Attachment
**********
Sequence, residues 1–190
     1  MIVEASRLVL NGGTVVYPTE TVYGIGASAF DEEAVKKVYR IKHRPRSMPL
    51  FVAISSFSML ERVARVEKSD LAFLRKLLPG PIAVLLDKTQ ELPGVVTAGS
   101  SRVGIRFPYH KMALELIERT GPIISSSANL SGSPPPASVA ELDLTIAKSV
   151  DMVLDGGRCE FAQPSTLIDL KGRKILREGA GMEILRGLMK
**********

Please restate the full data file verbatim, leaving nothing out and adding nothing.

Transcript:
Sequence, residues 1–190
     1  MIVEASRLVL NGGTVVYPTE TVYGIGASAF DEEAVKKVYR IKHRPRSMPL
    51  FVAISSFSML ERVARVEKSD LAFLRKLLPG PIAVLLDKTQ ELPGVVTAGS
   101  SRVGIRFPYH KMALELIERT GPIISSSANL SGSPPPASVA ELDLTIAKSV
   151  DMVLDGGRCE FAQPSTLIDL KGRKILREGA GMEILRGLMK